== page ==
Lament for the doomed lending collection
Australia is already the most parochial film environment in the developed world. No surprise there. Look at the horror stories that litter the national cinema time line.
Think burning Amalgamated's library and the holdings of the ethnic distributors, freighting the lending collection to Melbourne and back at they say a million a time, cancelling the Lillian Gish tour, flogging Cinema Papers to a team unable to get past three shonky issues, the aborted Sydney Quay Cinematheque.
The dismantling of the National Film Theater must be most alarming. It's no accident that that organization's establishment coincided with the development of an Australian feature production industry acknowledged world wide and it's disappearance marked the end of consistently plausible product – and that is just a side issue.
The money spent on ill informed production alone could have made this country a world leader in cinema savvy. We're only on the third paragraph and were already looking at lost hundreds of millions.
The fact is that film (of which theatrical features are the high water mark) is the major form of expression of the Twentieth Century and on into our own time and that Australians have never had the access to it that people in other places take for granted. This shows up in areas central to life here – education, entertainment & comment – as well as production.
The National Film Lending Collection was the one point at which government threw a bone to that sleeping dog. (Pretty good for a mixed metaphor!) While they are poor relations to their real world counterparts, ACMI, the Arc, The Chauvel and the Brisbane Cinematheque, along with the volunteer film societies, which drew on on this, were the few attempts to deal with the problem, plaster on the cracks.
Programs, publications and screenings have been systematically whittled away from a very modest peak. This area was always seen as something to asset strip in the name of local production and, in parallel, it's preservation.
This is not just short sighted but stunningly naive. The Paris Film Museum's Henri Langlois, who faced similar pressure, understood this problem six decades back. He knew that it was not just sufficient to hold productions that could be entered into his data base and make his operation look imposing. "We cannot turn our Cinematheques into cemeteries" – it sounds better in French.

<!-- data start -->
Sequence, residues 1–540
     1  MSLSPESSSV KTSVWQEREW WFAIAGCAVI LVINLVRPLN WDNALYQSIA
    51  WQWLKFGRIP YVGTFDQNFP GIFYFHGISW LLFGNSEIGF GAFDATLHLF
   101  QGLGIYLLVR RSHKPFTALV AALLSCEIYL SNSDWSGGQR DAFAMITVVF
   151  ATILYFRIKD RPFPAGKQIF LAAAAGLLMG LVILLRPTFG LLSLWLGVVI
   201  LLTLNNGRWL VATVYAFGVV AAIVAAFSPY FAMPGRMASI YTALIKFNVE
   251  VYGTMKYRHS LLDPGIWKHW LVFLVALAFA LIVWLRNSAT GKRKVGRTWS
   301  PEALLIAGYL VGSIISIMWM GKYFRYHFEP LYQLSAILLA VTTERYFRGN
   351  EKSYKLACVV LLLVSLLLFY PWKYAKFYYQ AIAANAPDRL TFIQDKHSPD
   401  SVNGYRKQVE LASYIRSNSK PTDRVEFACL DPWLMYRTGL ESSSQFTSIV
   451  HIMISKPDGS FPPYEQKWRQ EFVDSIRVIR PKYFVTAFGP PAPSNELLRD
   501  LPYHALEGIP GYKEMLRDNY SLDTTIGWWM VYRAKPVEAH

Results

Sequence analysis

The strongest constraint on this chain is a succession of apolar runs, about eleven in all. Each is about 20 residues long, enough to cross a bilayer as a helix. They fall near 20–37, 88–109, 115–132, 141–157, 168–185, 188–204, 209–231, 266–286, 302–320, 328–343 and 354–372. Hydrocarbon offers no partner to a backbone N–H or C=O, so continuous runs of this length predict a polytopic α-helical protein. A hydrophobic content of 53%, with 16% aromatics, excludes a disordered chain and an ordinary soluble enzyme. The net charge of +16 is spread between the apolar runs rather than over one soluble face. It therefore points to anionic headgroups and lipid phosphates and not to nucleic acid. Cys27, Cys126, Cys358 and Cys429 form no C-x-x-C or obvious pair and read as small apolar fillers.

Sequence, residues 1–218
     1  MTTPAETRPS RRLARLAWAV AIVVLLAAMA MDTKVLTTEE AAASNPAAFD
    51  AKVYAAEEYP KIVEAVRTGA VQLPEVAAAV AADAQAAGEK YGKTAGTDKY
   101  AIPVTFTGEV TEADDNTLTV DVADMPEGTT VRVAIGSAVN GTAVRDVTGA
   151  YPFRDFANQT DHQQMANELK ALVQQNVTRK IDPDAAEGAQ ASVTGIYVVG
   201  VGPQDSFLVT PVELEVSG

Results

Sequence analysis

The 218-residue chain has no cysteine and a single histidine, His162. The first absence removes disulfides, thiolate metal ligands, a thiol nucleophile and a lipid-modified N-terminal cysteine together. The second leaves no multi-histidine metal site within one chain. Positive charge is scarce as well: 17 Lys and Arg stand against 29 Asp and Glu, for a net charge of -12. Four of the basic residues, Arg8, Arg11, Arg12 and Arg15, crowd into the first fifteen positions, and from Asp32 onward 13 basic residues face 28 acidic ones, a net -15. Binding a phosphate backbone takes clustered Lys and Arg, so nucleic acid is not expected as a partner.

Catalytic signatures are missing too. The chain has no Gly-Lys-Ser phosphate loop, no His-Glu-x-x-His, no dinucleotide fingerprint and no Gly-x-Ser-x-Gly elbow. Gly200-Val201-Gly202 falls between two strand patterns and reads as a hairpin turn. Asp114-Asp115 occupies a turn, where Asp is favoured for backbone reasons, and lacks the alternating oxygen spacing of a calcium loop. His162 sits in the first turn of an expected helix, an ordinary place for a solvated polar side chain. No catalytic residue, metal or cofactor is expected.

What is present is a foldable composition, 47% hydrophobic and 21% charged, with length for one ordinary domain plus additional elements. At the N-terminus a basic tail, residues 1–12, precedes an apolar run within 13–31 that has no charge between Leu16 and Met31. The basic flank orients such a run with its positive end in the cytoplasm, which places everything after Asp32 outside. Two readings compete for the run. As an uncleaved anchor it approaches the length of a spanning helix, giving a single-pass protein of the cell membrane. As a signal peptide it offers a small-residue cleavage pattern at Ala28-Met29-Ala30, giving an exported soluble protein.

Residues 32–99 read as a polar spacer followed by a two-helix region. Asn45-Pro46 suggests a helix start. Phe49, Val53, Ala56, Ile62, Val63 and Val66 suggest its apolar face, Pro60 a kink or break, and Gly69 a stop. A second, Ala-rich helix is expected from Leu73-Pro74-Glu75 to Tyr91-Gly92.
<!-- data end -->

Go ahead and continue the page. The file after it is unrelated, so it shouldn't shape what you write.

It was and is essential to spread awareness of the existence of historic materials and their part in a wider picture – their value. With all the short comings of his Cinémathèque Française, Langlois had it figured. The work had to be shown – under ideal conditions. Enthusiasts would watch it and ripple effect it outwards from those showings. It was because Langlois admired and repeatedly screened the then unknown NOSFERATU in his small screening room that it became a draw card there, in film museums round the globe and eighty years later you can buy it for a few dollars at your corner DVD store or stream it into your home computer. That story multiplied by thousands is the story of Cinematheques.
Not every one shared his point of view. The British Film Institute once hired in someone to tell them which of their Maurice Elvey films they could safely burn! It's not sufficient to have the work. You must deploy it or some bean counter will want the shelf space it occupies.
Which brings us to current situation where we learn that, as part of archive policy, the National Lending collection is about to close its doors. Rough luck media courses, volunteer groups or anyone who wants to use what are often the only copies in the country. Feel confident that your tax payer dollars are being used instead to digitize local product into formats which are likely to be obsolete before the process is finished.
The mistake of putting archiving and screening under the same roof has been evident for some time.
This situation repeats the need for the action that has never materialized. Movie enthusiasts in Australia have a dreadful record as lobbyists and it's caught up with them – an echo of the Maurice Ogden poem ""And where are the others that might have stood side by your side in the common good?" "Dead," I whispered; and amiably "Murdered," the Hangman corrected me; "First the alien, then the Jew… I did no more than you let me do."
* Barrie Pattison is a filmmaker, writer, long-time movie enthusiast and one of the founders and first programmer of the Australian National Film Theater.